8. Mónica L. Azevedo & Óscar Afonso & Sandra T. Silva, 2013. "Endogenous growth and intellectual property rights: a North-South modelling proposal," FEP Working Papers 492, Universidade do Porto, Faculdade de Economia do Porto.
    9. Olena Ivus & Walter Park & Kamal Saggi, 2016. "Intellectual Property Protection And The Industrial Composition Of Multinational Activity," Economic Inquiry, Western Economic Association International, vol. 54(2), pages 1068-1085, April.
    10. Metaxas, Theodore & Kechagia, Polyxeni, 2012. "F.D.I. through the imitation procedure The case of China: A Note," MPRA Paper 40886, University Library of Munich, Germany.
    11. Olena Ivus & Walter Park & Kamal Saggi, 2015. "Patent Protection and the Industrial Composition of Multinational Activity: Evidence from U.S. Multinational Firms," Vanderbilt University Department of Economics Working Papers 15-00014, Vanderbilt University Department of Economics.
    12. Jenny X. Lin & William Lincoln, 2017. "Pirate’s Treasure," Working Papers 17-51, Center for Economic Studies, U.S. Census Bureau.
    13. Azevedo, Mónica L. & Afonso, Óscar & Silva, Sandra T., 2014. "Endogenous growth and intellectual property rights: A north–south modeling proposal," Economic Modelling, Elsevier, vol. 38(C), pages 112-120.

    More about this item

    JEL classification:

    • F10 - International Economics - - Trade - - - General
    • O34 - Economic Development, Innovation, Technological Change, and Growth - - Innovation; Research and Development; Technological Change; Intellectual Property Rights - - - Intellectual Property and Intellectual Capital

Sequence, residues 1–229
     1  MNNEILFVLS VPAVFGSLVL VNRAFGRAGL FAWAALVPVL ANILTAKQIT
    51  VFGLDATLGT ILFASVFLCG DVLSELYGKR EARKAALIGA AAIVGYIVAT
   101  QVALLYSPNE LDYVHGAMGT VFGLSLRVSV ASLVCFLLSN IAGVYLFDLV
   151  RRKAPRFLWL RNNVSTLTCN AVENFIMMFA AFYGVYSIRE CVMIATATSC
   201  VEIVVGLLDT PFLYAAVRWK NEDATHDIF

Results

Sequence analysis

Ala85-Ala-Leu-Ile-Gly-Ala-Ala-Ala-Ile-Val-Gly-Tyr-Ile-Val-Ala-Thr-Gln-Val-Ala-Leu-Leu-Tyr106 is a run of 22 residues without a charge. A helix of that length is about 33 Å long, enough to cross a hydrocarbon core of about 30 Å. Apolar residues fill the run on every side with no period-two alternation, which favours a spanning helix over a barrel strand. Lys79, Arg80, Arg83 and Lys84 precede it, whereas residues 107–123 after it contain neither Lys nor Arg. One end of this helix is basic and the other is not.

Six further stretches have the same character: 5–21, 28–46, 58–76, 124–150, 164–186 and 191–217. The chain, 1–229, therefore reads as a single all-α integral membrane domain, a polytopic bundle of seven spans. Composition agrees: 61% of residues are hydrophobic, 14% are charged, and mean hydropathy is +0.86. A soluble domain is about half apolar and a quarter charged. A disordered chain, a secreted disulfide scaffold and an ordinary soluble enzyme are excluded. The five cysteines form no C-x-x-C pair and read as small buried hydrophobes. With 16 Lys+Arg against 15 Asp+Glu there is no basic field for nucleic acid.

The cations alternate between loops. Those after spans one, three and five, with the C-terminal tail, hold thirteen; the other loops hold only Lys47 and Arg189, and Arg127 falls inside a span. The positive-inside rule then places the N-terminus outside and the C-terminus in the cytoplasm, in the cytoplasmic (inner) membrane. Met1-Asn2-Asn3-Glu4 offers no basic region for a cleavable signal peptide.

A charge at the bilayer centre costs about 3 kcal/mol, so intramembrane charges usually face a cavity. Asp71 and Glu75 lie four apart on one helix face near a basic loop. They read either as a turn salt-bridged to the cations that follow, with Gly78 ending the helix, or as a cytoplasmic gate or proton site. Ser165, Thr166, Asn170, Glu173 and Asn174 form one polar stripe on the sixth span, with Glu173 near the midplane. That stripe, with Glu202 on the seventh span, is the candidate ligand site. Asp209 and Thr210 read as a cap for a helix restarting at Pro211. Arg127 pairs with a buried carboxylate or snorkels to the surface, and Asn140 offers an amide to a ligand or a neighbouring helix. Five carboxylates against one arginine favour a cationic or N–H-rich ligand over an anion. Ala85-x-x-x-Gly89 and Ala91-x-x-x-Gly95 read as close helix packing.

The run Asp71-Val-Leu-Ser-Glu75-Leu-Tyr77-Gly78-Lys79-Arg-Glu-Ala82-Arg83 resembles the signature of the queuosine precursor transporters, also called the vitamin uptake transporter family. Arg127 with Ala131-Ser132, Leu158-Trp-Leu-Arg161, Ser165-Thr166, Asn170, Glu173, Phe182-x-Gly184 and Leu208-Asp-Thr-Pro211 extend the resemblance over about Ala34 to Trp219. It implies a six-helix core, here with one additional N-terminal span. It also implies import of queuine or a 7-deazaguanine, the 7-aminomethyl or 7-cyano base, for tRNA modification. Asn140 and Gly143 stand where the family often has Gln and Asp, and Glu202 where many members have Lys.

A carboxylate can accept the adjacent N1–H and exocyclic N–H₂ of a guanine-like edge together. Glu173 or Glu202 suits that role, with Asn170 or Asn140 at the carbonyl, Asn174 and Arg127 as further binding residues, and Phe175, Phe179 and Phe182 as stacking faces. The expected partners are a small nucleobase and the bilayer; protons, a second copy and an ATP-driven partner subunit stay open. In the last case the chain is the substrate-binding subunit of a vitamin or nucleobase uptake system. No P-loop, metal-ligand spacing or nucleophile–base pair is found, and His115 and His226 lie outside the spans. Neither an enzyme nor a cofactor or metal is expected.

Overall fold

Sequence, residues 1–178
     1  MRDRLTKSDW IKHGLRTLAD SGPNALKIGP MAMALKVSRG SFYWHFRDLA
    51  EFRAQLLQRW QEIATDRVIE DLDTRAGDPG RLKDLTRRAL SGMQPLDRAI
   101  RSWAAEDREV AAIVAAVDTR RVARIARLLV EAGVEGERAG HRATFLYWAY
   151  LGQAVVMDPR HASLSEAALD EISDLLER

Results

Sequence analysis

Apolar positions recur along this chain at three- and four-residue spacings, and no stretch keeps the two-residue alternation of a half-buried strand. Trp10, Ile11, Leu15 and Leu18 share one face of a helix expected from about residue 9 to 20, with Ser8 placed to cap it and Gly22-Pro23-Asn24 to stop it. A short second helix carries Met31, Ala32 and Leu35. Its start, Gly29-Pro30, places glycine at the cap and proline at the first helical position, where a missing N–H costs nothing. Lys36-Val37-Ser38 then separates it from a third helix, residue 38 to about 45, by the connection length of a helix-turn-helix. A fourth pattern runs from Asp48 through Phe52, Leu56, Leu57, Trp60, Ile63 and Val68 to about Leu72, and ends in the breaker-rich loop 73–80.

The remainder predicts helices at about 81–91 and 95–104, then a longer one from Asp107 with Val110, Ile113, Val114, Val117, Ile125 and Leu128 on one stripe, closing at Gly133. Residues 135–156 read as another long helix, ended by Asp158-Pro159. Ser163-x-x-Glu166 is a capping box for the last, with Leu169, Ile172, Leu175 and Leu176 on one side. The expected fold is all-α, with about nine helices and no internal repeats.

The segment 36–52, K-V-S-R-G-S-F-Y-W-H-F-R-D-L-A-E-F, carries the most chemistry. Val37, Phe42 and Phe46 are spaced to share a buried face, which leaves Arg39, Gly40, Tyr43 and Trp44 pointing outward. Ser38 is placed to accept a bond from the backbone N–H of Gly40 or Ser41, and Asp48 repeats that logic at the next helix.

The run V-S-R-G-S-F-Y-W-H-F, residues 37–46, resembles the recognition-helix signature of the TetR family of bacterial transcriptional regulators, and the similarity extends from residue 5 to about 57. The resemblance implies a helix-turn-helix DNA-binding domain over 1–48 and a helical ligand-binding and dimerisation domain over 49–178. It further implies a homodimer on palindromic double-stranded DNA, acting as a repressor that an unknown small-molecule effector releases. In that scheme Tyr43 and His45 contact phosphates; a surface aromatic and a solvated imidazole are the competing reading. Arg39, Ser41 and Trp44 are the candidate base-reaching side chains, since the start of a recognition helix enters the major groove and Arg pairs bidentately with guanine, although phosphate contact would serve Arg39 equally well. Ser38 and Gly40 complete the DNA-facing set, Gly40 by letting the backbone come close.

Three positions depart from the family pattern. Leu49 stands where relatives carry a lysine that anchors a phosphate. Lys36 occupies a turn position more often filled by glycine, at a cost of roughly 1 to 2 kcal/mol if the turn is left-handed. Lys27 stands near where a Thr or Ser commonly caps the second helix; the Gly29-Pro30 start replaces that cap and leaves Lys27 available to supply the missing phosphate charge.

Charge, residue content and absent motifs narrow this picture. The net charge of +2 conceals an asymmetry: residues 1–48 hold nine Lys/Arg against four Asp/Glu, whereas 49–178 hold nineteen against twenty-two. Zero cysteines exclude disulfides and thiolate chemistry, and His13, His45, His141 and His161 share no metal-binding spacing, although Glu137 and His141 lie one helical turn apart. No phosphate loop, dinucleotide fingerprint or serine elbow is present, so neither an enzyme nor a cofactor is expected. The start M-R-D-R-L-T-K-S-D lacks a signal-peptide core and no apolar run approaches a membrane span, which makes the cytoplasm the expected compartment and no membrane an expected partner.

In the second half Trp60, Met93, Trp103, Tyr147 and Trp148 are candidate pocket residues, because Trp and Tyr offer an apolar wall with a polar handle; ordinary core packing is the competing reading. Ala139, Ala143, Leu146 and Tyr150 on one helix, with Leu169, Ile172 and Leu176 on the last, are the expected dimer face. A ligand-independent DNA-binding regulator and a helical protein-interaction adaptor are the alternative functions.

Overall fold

Statistics

    Access and download statistics

    Corrections

    All material on this site has been provided by the respective publishers and authors. You can help correct errors and omissions. When requesting a correction, please mention this item's handle: RePEc:cje:issued:v:44:y:2011:i:1:p:201-226. See general information about how to correct material in RePEc.

    For technical questions regarding this item, or to correct its authors, title, abstract, bibliographic or download information, contact: (Prof. Werner Antweiler). General contact details of provider: http://edirc.repec.org/data/ceaaaea.html .

    If you have authored this item and are not yet registered with RePEc, we encourage you to do it here. This allows to link your profile to this item. It also allows you to accept potential citations to this item that we are uncertain about.

    We have no references for this item. You can help adding them by using this form .

    If you know of missing items citing this one, you can help us creating those links by adding the relevant references in the same way as above, for each refering item. If you are a registered author of this item, you may also want to check the "citations" tab in your RePEc Author Service profile, as there may be some citations waiting for confirmation.

    Please note that corrections may take a couple of weeks to filter through the various RePEc services.

    IDEAS is a RePEc service hosted by the Research Division of the Federal Reserve Bank of St. Louis . RePEc uses bibliographic data supplied by the respective publishers.